The first round of France’s presidential election produced no clear winner, attesting to the country’s political transformation. Regardless of who wins on May 7, they will have to deal with a fractured parliament resulting from June’s legislative elections to pass laws. If the first round of the presidential election is any indication, there will be an important uptick of eurosceptic voices, agreeing on a strong stance vis-à-vis Brussels on everything from budgetary oversight to regulatory encroachment or international trade.
All eyes are on France as the first round of its presidential election fast approaches. Unlike previous elections, the traditional centre-left and centre-right parties are lagging behind newer or more radical political movements in the polls, making it very difficult to predict who will occupy the Élysée Palace after May 7. This post identifies France’s eurosceptic candidates, underscoring the ideological diversity of euroscepticism.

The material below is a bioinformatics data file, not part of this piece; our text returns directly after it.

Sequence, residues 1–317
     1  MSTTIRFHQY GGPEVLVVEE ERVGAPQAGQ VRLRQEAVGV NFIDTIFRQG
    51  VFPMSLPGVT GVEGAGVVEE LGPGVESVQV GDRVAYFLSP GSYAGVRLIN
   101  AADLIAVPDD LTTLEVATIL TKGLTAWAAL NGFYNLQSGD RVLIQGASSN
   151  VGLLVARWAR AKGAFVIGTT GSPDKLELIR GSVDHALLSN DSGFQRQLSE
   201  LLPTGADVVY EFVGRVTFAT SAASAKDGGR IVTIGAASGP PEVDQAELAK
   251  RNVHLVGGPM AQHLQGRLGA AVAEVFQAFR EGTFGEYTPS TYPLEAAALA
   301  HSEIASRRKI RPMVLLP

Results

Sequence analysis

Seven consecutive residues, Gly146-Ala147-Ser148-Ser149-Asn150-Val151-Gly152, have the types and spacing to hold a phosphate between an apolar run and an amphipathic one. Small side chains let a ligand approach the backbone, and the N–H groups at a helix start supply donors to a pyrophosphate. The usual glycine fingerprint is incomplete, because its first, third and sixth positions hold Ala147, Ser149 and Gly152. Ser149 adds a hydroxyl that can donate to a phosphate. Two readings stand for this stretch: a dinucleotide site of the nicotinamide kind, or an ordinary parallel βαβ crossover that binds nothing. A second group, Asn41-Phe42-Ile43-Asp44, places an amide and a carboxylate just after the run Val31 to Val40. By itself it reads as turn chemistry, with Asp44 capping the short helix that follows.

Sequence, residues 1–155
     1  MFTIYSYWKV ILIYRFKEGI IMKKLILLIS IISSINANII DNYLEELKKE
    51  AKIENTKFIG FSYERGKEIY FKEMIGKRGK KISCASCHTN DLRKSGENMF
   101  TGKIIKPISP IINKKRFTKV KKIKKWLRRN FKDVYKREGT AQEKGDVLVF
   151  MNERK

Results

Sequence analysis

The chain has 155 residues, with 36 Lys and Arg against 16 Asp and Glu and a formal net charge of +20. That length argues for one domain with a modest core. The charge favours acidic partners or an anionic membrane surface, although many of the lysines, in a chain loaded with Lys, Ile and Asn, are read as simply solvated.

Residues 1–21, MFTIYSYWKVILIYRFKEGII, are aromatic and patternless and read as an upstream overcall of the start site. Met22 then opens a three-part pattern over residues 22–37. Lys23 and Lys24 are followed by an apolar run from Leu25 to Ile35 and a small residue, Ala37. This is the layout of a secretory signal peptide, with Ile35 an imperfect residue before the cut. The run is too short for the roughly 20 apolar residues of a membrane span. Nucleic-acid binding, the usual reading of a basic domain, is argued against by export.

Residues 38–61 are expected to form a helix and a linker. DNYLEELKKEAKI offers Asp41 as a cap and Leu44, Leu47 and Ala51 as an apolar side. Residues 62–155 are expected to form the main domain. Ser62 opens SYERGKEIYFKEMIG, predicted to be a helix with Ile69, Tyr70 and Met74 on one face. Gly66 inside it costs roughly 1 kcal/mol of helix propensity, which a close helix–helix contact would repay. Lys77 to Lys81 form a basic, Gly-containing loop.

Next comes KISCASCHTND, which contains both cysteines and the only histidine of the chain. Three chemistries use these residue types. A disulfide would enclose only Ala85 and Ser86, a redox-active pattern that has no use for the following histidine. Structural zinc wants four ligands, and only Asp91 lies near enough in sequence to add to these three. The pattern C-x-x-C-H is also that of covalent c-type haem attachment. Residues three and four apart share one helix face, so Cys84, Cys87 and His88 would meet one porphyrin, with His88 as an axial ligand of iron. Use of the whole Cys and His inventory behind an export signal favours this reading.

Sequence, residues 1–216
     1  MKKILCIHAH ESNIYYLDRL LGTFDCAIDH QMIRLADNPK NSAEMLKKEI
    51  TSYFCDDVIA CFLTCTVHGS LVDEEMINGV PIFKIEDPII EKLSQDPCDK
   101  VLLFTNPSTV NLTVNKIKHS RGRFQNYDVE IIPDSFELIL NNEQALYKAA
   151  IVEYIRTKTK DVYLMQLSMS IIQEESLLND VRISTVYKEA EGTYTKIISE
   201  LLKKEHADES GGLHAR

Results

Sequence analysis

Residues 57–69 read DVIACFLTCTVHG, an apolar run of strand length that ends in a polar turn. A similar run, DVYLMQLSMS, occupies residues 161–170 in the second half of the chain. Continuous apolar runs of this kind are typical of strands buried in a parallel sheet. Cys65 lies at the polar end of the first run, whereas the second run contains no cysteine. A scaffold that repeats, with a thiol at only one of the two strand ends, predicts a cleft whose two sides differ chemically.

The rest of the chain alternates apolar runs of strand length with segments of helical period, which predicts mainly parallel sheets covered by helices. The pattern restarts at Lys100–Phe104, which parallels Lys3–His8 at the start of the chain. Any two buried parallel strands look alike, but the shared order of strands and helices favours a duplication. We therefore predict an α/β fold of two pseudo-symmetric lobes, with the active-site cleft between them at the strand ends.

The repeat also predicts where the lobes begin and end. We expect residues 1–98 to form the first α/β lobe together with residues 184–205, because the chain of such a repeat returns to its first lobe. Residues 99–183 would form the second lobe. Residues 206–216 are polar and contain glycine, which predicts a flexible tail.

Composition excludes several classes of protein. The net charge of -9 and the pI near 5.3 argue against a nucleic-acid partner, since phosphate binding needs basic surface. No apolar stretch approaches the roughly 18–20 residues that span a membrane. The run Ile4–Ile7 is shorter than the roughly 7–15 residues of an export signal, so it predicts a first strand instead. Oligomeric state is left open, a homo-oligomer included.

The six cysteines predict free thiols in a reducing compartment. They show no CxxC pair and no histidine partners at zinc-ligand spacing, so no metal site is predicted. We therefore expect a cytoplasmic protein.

Hype around the Dutch, French, and German elections this year has overshadowed what is likely an even larger threat to European integration. Spain’s Catalonia region plans to hold a referendum on secession from Spain this year. With polls showing public opinion evenly split, there is a real chance for an independent Catalonia in the coming months and years, possibly triggering the region’s exit from the European Union.